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Lurgan man Barry hoping for home advantage as Craigavon Lakes to host 100km race

"I've had the opportunity to run alongside some extremely talented runners. Pulling on the shirt always gives me a very big sense of pride and that's a huge thing for me."

Barry McCarroll

One Lurgan runner is gearing up to race on home turf as this year’s Anglo-Celtic Plate 100K Championship is set to bring teams from across the UK and Ireland to Craigavon Lakes.

Barry McCarroll, from the Slieve Gullion Runners, is hoping that running on familiar ground will give him just the edge needed to bring home the Championship for Athletic Ireland, after being selected as one of six men to represent the team.

This Spring will be the first time that Northern Ireland has played host to the Anglo-Celtic Plate 100K Home Countries Team and Individual Championships, with the contest taking place at the Lakes on April 2, organised by the NI Ultra Running Association (NIURA).

It will be the 28th running of the championship which was first raced for in Nottingham in 1995 with Scotland having hosted it more times than any other Nation (10). The most recent Championship was held in Perth in 2022.

The NIURA has targeted the Craigavon course with its 4.75km (2.96 mile) loop as tailor-made for an ultra race of this stature with the prospect of fast times.

Barry, who is part of the Slieve Gullion Runners – a south Armagh-based running group formed in July 2014 – told Armagh I that this will be his third year competing in the Anglo-Celtic Plate, with his first year being in 2021 at Mondello Park in Dublin, followed by 2022’s outing in Perth, Scotland.

In his first year, Barry completed the race in eight hours and one minute, topping that result the year after with a time of seven hours and 56 minutes.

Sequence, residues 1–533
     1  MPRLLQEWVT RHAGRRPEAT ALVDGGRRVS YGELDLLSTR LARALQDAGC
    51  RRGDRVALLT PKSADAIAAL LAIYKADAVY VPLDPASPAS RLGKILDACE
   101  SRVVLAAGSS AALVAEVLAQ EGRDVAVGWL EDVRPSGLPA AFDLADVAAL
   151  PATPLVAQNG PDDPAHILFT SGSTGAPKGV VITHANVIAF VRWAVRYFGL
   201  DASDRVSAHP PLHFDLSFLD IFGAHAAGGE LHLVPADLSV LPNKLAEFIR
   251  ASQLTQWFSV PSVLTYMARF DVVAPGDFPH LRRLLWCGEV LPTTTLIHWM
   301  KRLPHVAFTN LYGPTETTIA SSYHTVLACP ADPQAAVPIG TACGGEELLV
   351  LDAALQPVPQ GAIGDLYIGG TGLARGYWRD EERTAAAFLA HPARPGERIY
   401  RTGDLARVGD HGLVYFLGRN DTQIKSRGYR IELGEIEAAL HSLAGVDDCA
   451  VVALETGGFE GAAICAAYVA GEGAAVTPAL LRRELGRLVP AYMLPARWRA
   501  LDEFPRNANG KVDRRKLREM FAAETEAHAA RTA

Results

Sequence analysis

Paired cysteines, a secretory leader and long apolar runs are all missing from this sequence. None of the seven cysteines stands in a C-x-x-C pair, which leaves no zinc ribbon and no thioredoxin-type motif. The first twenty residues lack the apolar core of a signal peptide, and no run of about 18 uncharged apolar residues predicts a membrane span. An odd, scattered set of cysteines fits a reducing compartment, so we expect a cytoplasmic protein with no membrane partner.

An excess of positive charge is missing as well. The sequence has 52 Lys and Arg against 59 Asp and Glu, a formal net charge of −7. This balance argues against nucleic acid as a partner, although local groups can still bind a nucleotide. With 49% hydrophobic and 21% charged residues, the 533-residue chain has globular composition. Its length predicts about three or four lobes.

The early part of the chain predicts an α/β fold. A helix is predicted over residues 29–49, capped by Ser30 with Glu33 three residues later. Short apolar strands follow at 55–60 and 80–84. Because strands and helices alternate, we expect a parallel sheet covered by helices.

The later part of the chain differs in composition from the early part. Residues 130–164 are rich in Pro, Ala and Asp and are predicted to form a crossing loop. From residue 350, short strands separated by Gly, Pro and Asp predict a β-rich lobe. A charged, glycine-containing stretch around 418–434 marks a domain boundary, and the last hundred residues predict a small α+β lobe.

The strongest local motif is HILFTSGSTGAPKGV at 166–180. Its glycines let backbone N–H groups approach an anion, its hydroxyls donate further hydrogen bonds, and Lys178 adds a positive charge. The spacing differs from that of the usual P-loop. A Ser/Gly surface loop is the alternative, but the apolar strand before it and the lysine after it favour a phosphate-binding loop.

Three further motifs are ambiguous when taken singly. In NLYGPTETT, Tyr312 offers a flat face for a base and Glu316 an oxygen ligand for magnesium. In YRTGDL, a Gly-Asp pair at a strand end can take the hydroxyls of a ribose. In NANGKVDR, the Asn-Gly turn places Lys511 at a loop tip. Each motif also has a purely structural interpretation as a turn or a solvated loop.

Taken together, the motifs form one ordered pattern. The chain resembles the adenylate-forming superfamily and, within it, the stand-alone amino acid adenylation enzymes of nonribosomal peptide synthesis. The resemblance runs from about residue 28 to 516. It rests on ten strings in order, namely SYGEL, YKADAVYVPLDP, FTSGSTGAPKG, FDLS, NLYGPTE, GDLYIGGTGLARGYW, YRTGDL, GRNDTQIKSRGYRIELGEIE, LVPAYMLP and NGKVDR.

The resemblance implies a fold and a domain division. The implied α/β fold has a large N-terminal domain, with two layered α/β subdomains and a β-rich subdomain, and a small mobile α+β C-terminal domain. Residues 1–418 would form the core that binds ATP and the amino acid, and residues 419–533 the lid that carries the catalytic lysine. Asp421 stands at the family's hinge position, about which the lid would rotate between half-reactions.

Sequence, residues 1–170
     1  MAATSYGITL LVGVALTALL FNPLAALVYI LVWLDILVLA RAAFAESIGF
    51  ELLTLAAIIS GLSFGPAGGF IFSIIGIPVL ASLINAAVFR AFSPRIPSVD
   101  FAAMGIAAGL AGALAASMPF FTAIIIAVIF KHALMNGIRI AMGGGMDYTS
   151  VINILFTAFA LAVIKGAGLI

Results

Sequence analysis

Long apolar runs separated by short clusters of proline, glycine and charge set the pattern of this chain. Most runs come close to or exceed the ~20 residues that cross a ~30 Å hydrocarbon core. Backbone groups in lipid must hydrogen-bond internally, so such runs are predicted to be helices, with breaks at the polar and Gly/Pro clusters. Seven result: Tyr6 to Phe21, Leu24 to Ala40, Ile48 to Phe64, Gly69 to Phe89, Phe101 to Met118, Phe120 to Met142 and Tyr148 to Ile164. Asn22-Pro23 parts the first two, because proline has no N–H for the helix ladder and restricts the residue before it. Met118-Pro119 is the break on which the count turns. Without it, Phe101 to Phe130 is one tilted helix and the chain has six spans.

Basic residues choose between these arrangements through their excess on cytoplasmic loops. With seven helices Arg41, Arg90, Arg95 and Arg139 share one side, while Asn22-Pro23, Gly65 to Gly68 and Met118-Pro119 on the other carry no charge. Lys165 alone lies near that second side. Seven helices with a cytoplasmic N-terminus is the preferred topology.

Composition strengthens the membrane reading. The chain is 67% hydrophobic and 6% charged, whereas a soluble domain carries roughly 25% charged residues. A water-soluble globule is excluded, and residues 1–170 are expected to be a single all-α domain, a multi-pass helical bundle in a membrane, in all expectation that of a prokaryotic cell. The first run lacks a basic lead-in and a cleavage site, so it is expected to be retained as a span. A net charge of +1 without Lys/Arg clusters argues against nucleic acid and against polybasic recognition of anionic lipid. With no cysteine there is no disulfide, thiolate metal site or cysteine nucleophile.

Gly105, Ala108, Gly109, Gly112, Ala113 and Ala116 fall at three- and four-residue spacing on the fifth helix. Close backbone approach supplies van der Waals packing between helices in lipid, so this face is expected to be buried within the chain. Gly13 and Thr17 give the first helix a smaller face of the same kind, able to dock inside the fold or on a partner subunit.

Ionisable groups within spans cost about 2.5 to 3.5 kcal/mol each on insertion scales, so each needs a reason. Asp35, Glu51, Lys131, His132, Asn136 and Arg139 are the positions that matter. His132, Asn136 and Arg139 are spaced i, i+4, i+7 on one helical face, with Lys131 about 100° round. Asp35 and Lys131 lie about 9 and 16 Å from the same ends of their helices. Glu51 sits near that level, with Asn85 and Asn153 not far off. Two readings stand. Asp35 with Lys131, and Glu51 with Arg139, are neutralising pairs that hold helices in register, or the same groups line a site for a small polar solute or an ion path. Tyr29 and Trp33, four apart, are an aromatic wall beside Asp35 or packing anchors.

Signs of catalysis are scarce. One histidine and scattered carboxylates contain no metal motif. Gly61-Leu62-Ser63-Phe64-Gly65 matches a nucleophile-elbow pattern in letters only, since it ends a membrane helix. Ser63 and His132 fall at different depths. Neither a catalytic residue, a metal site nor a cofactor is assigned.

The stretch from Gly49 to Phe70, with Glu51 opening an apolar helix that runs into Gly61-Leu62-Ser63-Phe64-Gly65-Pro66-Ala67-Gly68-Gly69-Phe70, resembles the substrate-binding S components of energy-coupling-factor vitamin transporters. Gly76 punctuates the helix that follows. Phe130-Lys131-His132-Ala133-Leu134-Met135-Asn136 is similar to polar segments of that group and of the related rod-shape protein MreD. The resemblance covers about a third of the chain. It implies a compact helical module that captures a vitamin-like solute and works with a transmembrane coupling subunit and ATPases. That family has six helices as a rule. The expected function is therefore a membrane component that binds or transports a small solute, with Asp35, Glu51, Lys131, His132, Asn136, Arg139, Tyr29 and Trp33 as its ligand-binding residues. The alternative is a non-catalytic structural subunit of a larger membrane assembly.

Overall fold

He’s hoping that this year, Northern Ireland’s first time hosting, he will be able to channel the home advantage to return an even better time.

Barry – who started running in 2008 ‘for a bit of craic’ but has since clocked up over a hundred marathons – says that the miles he has been putting in for this race are the most he has ever done.

He said: “I am confident because I do know the course. I run the Lakes nearly every day in life so I know what’s coming up and I know what the course is like.

“I know where there are a few hills and where I can go fast or need to go easy, so I definitely think that the wee bit of home advantage will hopefully play into my hands.”

He added: “The big thing for me is that I’ve no doubt that there’ll be a fair few Slieve Gullion Runners making their way up to have a nosy. I’ll have a lot of family and friends there, so I think that’s maybe more of an advantage.

“The Craigavon Lakes are literally only a mile and a half from my front door so it couldn’t be any handier.”

The Anglo-Celtic Plate is a Home Nations Championship, so there will be teams from Northern Ireland, Ireland, England, Scotland and Wales.

The event, which takes place over a single day, will see runners completing the 100k in as quick a time as they can, with collective times of the first three finishers from each nation deciding who takes home the trophy.

Barry explained: “It’s a gold standard distance in terms of ultra running, which is becoming massively more popular in Ireland and all over the world. It’s a challenge to complete it but I think more of the challenge is to complete it as quickly as you can.

“It’s not just a matter of jogging the distance, but it’s about going that bit quicker and that’s the big thing for me. Nobody in any of those teams will be there just to finish the distance. They’ll be there to finish it as quicky and as strongly as they possibly can.”

With the event taking place in April, Barry says he is putting in the miles now, around 15 a day, to prepare himself for the race and surpass his efforts from previous years.

Said Barry: “I’m definitely excited. The best thing for me is meeting up with the other Irish team members, because they’re runners who I would definitely look up to and have a lot of respect for.

“I’ve had the opportunity to run alongside some extremely talented runners. Pulling on the shirt always gives me a very big sense of pride and that’s a huge thing for me.”

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